Hello Long Beach! Here is a weekly recap of the city’s news to start the week of March 13, 2023.
Long Beach Health Department announces community grant opportunities to support summer youth programming
$600,000 in grants will be made available this year to support youth development programs through the Measure US fund disbursement. Measure US was passed in 2020 to provide funding for public health, climate change, and youth development programs in 3-year disbursements that started in 2021. Grant opportunities will be made through The Youth 100 Fund, which will give out awards ranging from $500 – $2000 to formal and informal community groups (groups with or without nonprofit status). The Youth 100 Fund application is available through April 18, 2023, and can be found here. Grant opportunities will also be made available through Youth Power PB Long Beach, which is specifically for nonprofit organizations working under the goal of the Youth and Emerging Adults Strategic Plan. These grants range between $10,000 – $75,000 and require a lengthier application process. Information sessions will be held throughout the week; people interested in learning more can register here. Learn more about these community grants here.
The city seeks organization to partner with for the Long Beach Reentry Achievement Program
The city is looking for a qualified organization to partner with for the Long Beach Reentry Achievement Program. This program intends to provide supportive services to formerly incarcerated individuals and their families to facilitate their transition to civilian life. The goal is for formerly incarcerated community members to avoid a relapse into criminal behavior through the awareness of mental health services, employment opportunities, housing, and case management services. This program also aims to reunify these individuals with family members through a centralized hub for re-entry services. Organizations interested in being a partner can attend a zoom meeting on Wednesday, March 15 at 10 a.m. or email firstname.lastname@example.org by 11 a.m. on March 17. Learn more here.
Grow Long Beach initiative will explore new revenue streams for the city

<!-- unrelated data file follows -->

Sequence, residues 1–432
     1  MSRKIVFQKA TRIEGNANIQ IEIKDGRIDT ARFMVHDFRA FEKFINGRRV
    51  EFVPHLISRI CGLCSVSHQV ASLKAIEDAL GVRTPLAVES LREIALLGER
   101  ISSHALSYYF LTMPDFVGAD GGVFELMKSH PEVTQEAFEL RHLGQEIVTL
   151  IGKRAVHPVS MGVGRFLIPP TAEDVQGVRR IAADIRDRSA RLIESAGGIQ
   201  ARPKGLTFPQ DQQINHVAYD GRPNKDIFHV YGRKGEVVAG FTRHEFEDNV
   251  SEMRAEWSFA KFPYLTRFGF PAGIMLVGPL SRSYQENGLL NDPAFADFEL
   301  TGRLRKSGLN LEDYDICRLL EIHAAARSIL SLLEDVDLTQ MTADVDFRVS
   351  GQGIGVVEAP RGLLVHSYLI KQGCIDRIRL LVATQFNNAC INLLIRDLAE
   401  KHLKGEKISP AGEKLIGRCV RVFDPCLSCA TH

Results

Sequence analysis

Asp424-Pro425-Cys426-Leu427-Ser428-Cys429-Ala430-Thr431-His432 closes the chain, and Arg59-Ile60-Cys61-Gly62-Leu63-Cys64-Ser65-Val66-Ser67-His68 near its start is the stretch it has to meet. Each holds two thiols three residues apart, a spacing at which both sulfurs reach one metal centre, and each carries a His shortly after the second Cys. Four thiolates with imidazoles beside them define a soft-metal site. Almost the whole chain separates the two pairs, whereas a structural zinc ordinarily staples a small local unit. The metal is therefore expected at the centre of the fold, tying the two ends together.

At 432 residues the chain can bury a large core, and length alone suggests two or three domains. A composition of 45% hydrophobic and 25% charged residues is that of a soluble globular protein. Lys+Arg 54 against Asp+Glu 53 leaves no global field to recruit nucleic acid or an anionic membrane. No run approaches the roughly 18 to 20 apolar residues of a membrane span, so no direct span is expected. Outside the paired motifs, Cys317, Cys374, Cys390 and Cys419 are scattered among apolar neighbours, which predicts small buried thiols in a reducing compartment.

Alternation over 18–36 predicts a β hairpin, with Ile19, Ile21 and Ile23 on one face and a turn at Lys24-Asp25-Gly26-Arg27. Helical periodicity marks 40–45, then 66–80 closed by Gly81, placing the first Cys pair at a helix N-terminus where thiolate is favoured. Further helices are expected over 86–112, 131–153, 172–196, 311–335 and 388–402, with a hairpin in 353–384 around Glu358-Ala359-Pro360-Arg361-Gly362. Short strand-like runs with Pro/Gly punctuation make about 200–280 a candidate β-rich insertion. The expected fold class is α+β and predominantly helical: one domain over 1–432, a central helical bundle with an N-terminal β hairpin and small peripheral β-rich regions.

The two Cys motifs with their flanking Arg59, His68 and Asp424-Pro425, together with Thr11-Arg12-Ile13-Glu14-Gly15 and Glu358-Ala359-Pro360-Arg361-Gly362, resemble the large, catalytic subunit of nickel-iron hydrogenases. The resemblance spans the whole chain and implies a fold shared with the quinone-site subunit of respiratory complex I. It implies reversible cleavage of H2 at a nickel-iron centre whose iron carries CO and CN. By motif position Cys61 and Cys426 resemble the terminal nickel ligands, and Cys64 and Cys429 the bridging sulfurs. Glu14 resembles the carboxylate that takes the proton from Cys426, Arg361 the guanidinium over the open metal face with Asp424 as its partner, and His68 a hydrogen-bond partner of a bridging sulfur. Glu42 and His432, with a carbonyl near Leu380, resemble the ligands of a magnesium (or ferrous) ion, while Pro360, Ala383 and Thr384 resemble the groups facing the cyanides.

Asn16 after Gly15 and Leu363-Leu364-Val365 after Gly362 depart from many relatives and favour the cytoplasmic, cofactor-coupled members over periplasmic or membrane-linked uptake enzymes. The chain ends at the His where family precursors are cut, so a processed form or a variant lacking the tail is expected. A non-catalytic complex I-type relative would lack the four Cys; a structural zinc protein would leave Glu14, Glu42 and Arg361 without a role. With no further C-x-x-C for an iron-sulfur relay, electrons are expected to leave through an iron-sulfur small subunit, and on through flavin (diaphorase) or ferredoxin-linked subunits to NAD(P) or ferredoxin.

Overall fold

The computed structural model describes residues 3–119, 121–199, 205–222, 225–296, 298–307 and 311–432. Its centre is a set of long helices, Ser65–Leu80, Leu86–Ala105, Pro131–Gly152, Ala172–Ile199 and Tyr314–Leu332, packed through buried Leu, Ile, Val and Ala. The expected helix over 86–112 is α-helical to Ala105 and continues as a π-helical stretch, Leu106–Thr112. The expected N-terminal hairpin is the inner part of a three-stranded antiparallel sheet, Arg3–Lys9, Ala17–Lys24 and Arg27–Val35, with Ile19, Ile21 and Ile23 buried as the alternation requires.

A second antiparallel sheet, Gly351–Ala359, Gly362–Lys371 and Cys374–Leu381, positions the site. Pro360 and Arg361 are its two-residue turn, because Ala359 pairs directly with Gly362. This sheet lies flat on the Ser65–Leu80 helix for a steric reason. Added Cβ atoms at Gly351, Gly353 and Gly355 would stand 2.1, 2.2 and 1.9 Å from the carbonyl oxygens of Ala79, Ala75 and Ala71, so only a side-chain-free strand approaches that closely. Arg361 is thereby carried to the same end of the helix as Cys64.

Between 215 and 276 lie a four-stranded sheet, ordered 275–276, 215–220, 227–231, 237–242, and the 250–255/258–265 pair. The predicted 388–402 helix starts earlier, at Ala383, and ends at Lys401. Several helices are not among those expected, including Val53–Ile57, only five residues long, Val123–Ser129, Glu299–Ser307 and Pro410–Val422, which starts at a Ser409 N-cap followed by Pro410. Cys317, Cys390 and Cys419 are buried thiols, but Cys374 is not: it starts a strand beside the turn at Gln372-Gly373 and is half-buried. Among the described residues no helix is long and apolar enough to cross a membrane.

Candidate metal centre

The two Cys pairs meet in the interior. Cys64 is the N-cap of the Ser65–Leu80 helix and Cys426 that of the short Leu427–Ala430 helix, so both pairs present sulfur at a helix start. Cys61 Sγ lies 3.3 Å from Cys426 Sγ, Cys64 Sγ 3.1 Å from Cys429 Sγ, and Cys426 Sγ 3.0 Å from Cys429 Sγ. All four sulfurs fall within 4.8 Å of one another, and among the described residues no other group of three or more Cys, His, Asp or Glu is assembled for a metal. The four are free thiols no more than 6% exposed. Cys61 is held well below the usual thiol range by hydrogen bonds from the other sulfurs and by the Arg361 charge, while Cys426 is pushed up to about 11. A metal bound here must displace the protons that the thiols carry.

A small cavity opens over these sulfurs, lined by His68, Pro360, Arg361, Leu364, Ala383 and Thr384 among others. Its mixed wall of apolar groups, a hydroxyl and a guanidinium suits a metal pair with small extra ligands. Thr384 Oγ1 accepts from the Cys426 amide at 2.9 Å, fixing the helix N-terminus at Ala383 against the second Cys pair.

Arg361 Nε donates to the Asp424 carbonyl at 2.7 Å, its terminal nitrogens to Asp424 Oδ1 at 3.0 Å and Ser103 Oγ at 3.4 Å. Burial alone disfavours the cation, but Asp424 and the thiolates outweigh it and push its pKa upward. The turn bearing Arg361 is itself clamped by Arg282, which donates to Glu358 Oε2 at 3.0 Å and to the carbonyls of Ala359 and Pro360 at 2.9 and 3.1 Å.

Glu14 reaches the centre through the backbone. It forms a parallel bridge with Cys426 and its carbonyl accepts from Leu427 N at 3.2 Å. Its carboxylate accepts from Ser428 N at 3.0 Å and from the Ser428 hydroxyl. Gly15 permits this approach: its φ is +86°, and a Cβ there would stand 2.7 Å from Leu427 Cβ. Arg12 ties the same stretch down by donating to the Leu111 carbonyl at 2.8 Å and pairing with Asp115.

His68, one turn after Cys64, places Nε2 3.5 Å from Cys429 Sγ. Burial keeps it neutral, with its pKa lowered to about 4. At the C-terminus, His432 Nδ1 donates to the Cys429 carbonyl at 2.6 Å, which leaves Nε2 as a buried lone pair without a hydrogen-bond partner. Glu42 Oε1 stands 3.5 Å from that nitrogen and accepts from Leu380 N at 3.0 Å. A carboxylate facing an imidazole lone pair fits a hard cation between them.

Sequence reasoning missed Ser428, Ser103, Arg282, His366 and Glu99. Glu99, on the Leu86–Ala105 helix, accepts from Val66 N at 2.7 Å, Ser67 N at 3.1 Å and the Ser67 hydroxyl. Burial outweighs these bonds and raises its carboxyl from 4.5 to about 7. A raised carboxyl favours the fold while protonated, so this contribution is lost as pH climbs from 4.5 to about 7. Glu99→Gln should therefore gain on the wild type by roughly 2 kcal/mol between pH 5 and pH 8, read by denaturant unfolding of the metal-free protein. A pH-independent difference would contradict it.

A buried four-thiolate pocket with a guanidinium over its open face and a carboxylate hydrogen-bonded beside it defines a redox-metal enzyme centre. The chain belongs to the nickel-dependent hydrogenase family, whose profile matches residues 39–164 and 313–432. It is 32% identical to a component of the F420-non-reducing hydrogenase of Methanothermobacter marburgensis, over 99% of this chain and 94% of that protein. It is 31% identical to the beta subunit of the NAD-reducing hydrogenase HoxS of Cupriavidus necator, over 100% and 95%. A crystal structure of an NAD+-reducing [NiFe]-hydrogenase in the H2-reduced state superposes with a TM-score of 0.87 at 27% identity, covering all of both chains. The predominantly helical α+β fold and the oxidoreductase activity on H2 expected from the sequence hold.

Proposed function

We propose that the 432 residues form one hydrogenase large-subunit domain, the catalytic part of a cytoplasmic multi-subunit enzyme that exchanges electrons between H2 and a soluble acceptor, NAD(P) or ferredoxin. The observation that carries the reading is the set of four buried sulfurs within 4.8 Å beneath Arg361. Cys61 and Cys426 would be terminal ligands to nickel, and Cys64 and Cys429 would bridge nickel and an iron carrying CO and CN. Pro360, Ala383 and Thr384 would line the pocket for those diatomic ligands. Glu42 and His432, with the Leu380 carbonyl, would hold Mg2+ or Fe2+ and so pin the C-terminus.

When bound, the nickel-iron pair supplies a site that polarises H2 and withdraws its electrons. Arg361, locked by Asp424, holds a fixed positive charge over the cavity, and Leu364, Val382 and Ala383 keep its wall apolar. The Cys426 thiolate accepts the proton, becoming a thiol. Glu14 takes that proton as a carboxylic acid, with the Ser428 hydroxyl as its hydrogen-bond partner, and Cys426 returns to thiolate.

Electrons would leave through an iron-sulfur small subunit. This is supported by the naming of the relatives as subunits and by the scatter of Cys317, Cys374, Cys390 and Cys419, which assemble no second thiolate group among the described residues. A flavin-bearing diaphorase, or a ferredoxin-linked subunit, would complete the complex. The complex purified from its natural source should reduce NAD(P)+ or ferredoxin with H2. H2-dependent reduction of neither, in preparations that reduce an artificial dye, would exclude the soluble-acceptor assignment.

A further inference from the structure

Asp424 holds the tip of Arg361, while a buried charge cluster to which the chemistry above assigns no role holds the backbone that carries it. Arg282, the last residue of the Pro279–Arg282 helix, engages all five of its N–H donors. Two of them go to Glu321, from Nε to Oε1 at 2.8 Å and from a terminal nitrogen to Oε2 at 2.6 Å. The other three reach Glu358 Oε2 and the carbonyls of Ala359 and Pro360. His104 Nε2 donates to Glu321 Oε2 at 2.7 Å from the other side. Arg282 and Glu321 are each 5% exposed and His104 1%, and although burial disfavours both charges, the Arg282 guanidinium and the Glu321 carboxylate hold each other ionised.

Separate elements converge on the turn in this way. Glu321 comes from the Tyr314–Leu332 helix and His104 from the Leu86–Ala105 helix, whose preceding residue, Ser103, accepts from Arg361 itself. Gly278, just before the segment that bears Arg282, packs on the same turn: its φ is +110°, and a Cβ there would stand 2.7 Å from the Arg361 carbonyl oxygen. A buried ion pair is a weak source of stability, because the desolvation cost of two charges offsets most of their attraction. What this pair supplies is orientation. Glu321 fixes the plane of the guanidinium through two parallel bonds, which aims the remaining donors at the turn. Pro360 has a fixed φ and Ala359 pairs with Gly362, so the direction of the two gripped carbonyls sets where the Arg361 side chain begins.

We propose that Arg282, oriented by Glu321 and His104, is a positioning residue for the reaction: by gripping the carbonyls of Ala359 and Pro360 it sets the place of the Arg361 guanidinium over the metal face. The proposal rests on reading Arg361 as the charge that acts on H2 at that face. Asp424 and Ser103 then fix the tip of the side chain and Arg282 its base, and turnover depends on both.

The Grow Long Beach initiative is a motion that wishes to divert the city’s reliance on oil revenue by exploring economic development in areas such as aerospace and tourism. Mayor Rex Richardson expressed that relying on fossil fuels as a form of revenue is not ideal for communal health and financial wellness and that by the 2030s the city would head toward a more climate-stable economy. Currently, $12 million of existing General Fund city services are funded by oil revenue, so the city is looking to identify more forms of revenue streams that will match or exceed the $12 million. Other profitable industries the city is taking into consideration are education, the Port of Long Beach and the supply chain, the arts, and hospitality. Learn more here.
Long Beach’s Community Crisis Response Team will divert some police calls to mental health workers
In Mid-April the city is expecting to launch a program that will have mental health workers respond to police calls involving people who appear to be experiencing mental health problems, and who are non-violent and unarmed. The Community Crisis Response Team will be made up of 5 experienced mental health professionals and will only respond to the Long Beach Police Department’s West Division Monday through Friday. The program is set to run for 18 months, and the city will either modify or expand it depending on the success of the program. These programs have been appearing in many cities around the country in response to the increased number of police calls received related to mental health crises. The idea is that because law enforcement has fallen under criticism for the way they have handled these calls in the past, these calls can now fall into the hands of people who are trained to provide mental health services without the situation escalating to violence. Learn more here.
Long Beach’s VA hospital opens new Veteran Resource Center
A new Veteran resource center has just opened at the Tibor Rubin Medical Center last week and intends to be a “one-stop shop” for former members of the U.S. Armed forces. The resource center includes a patient advocate office, a virtual health resource office, and whole health services. It will also provide social work services, veteran benefits administration, connections to service organizations, beneficiary travel reimbursement, and release of information and medical records. Learn more here.